It's been just two weeks since J. Cole released his latest album, KOD, and the eloquent rapper is riding a high. The album broke the record for most first-day streams on both Apple Music and Spotify, a spot previously owned by Drake. If those aren't enough bragging rights, five of the top 10 hip-hop/R&B songs on last week's chart bear his name. As the headliner for JMBLYA in Dallas on Friday, J. Cole discarded the usual hype-man warm up and dove headfirst into a stunning lyrical stream of consciousness for a devoted late-night audience.
He was the only big-name performer who opted for a live band with a drum kit, and he doesn't lean on pre-recorded vocals. He got a late start (due to the hour-plus delay from preceding act Migos), so J. Cole cut some of his biggest songs down to make it through his vibrant set list. He wooed fans with songs from the archives such as "Lights Please" and "Work Out" while showcasing much of his freshest material along the way.
His verses were unwavering as ever in "KOD," the new album's hypnotic title track.
His appeal is about more than just a great hook or clever flow. He raps about social issues like fighting for equal rights, and he talks about female self-worth in a lyrical world that often celebrates the casualness of a one-night stand.
The music came to a screeching stop when J. Cole took a fan's request to perform another new song, "1985 - Intro to 'The Fall Off.'" His DJ only had the music with vocals, to which J. Cole thankfully replied, "it's a sin to rap over vocals." Instead, he delivered the single a cappella, causing a dramatic hush to fall over the crowd as he hit the rapid-fire verses with passion and force.
Earlier in the evening, threesome Migos outstayed their welcome before they even arrived.
After an hour-and-10-minute delay (which was blamed on transportation), the trending group finally made an appearance to an impatient but celebratory crowd. Striding through heavy hitters like "Slippery" and "Stir Fry," the auto-tuned group was quickly forgiven by their young fans. Offset (the fiancé and expectant father to Cardi B), Quavo and Takeoff seamlessly danced around each another, chiming in on verses with their signature layered and sometimes-chaotic trap style.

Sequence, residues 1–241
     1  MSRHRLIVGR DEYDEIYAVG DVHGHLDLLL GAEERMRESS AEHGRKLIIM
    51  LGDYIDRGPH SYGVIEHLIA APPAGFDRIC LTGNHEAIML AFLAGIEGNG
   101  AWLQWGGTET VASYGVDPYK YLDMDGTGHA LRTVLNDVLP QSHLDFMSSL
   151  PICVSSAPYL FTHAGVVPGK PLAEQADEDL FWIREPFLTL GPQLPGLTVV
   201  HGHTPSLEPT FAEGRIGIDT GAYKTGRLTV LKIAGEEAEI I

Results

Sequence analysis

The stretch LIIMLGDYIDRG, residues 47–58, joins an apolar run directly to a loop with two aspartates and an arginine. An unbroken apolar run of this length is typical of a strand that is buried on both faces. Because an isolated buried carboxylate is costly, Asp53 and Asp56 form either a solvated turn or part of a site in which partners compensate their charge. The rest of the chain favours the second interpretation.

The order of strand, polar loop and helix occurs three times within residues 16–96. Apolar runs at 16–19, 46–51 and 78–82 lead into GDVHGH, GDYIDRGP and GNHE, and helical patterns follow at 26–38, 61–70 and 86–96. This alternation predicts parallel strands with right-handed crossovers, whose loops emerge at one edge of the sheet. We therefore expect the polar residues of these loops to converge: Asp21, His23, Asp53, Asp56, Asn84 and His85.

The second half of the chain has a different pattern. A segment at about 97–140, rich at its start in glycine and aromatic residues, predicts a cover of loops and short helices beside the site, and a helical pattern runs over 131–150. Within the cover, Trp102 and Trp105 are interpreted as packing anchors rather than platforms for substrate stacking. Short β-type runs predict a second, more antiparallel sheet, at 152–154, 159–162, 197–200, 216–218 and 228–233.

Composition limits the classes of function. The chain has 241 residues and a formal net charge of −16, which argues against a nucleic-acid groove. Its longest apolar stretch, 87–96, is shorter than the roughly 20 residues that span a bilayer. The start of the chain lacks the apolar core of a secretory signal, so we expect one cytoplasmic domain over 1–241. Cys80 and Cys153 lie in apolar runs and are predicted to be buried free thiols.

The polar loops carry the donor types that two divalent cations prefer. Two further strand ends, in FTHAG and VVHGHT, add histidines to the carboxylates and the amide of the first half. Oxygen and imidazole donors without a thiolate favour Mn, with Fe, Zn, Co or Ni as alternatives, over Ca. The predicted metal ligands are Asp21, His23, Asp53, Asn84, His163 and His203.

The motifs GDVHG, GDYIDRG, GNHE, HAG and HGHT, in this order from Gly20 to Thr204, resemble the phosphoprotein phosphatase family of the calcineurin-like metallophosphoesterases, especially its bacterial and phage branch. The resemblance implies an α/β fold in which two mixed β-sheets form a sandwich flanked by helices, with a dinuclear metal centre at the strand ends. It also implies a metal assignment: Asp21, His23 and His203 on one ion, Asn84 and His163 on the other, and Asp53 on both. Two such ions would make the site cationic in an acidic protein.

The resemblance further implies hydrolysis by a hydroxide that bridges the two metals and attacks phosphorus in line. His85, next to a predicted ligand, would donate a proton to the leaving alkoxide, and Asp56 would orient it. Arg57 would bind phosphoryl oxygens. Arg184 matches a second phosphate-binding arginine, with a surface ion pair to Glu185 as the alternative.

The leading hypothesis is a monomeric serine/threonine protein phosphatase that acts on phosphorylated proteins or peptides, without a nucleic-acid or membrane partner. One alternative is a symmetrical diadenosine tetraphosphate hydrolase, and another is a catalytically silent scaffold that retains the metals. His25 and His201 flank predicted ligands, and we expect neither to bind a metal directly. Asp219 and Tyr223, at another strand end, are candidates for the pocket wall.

"Bad and Boujee" sent the party-hungry audience into a frenzy. Migos has managed to stay in the spotlight with two hit records, but time will tell if the group's catchy choruses and sizzling beats will fade out with the next wave.
Over the last week and a half, two prominent JMBLYA headliners canceled, causing the festival to scramble for replacements: Young Thug filled in for Cardi B, and T.I. filled in for Kevin Gates.
T.I. offered a lighter, pop-influenced style with songs like "Live Your Life" and "Whatever You Like." But Young Thug's set fell short. His vocals were so muted that it was easier to see his mouth moving than hear what he was saying, causing an abrupt disconnect with the distracted crowd.
If JMBLYA can maintain a steady lineup that promises today's hottest hip-hop acts, the go-hard-or-go-home festival will continue to bring in fans of all ages and encourage Dallas' rap culture.